Civil Liberties:  47 / 60

D. Freedom of Expression and Belief: 15 / 16

The government generally respects freedoms of speech and the press, though elected officials have been accused of threatening journalists for critical reporting. In May 2013, police used anti-terrorism and sedition laws to arrest a journalist, Gratien Tiona, after he posting on Facebook that he hoped the aircraft carrying the Council of Ministers to Port Vila would crash. The next day, the public prosecutor ordered the charges dropped and Tiona was released. The number of Internet users is growing, but access is limited by high cost and lack of infrastructure.

The government generally respects freedom of religion in this predominantly Christian country. There were no reports of restrictions on academic freedom.

 

E. Associational and Organizational Rights: 11 / 12

The law provides for freedoms of assembly and association, and the government typically upholds these rights. Public demonstrations are permitted by law and generally allowed in practice. Civil society groups are active on a variety of issues.

Workers can bargain collectively and strike. Five independent trade unions are organized under the umbrella Vanuatu Council of Trade Unions.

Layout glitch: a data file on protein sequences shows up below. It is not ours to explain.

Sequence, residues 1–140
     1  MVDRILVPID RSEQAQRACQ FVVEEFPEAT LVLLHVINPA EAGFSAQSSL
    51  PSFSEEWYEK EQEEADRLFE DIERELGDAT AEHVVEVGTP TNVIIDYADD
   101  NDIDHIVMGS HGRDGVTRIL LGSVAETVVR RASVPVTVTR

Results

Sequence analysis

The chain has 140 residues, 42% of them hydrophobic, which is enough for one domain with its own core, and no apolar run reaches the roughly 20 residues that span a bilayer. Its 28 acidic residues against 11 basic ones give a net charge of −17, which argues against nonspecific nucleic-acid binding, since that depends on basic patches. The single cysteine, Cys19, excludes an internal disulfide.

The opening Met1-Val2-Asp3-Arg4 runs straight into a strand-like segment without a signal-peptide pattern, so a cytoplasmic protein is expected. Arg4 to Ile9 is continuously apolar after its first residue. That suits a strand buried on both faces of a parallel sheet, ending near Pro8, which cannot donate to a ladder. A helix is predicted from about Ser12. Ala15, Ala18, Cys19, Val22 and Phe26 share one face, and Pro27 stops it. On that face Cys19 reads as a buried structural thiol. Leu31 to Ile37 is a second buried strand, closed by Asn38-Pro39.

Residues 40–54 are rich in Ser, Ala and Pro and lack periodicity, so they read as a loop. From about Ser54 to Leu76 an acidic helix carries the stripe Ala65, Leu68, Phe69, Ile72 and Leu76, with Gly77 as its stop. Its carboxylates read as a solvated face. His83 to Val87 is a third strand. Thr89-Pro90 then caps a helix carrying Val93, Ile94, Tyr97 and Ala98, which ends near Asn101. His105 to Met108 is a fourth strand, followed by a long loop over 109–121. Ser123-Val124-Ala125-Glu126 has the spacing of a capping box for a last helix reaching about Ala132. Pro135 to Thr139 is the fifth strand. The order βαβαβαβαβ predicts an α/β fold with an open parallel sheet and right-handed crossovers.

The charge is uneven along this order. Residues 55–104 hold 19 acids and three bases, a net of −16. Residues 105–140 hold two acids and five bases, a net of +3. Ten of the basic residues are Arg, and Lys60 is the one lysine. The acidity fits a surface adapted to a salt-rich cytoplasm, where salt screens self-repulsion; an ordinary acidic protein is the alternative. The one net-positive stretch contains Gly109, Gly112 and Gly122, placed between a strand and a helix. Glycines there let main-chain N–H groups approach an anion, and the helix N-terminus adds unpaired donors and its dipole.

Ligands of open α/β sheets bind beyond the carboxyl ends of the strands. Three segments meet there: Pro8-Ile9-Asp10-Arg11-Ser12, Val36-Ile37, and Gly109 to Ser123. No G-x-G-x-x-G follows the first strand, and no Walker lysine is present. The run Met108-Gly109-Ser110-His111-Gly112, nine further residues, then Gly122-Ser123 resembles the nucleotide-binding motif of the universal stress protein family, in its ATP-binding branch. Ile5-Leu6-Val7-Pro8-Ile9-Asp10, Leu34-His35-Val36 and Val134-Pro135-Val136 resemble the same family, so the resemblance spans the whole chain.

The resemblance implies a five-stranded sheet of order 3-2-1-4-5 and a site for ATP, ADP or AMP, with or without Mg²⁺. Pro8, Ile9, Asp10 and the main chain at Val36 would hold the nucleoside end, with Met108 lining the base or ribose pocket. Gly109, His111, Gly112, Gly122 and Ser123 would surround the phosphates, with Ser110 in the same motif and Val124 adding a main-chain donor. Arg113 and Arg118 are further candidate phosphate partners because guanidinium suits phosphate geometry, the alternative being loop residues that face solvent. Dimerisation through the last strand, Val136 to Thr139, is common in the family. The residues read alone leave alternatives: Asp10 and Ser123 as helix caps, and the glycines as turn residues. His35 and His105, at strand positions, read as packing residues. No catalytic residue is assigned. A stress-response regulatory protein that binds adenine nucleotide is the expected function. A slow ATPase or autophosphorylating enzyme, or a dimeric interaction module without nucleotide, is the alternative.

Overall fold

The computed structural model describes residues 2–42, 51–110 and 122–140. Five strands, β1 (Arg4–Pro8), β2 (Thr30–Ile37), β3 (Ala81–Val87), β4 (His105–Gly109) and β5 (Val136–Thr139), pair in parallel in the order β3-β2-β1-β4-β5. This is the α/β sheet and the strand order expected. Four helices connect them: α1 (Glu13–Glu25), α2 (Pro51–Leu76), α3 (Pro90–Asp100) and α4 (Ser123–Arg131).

F. Rule of Law: 10 / 16

The judiciary is largely independent, but a lack of resources hinders the hiring and retention of qualified judges and prosecutors. Tribal chiefs often adjudicate local disputes, but their punishments are sometimes deemed excessive. Long pretrial detentions are common, and prisons fail to meet minimum international standards. Harsh treatment of prisoners and police brutality provoke frequent prison riots and breakouts.

There are no laws targeting LGBT persons nor were there reports of violence against them in 2013.

 

G. Personal Autonomy and Individual Rights: 11 / 16

Discrimination against women is widespread. No laws prohibit spousal rape, domestic abuse, or sexual harassment, which women’s groups claim are common and increasing. Most cases go unreported due to victims’ fear of reprisal or family pressure, and the police and courts rarely intervene or impose strong penalties. In June 2013, the Council of Ministers agreed to a proposal to reserve 30 percent of parliament seats for women.

At year’s end, parliament amended the constitution to allow dual citizenship. This change and other schemes have primarily attracted primarily mainland Chinese applicants and investors. The rapid expansion of Chinese-owned businesses has fueled resentment among native Vanuatu residents. To appease them, the government in December 2013 added seven occupations to the list of reserved jobs open only to those native to Vanuatu.

 

Scoring Key: X / Y (Z)

X = Score Received

Y = Best Possible Score

Z = Change from Previous Year

Full Methodology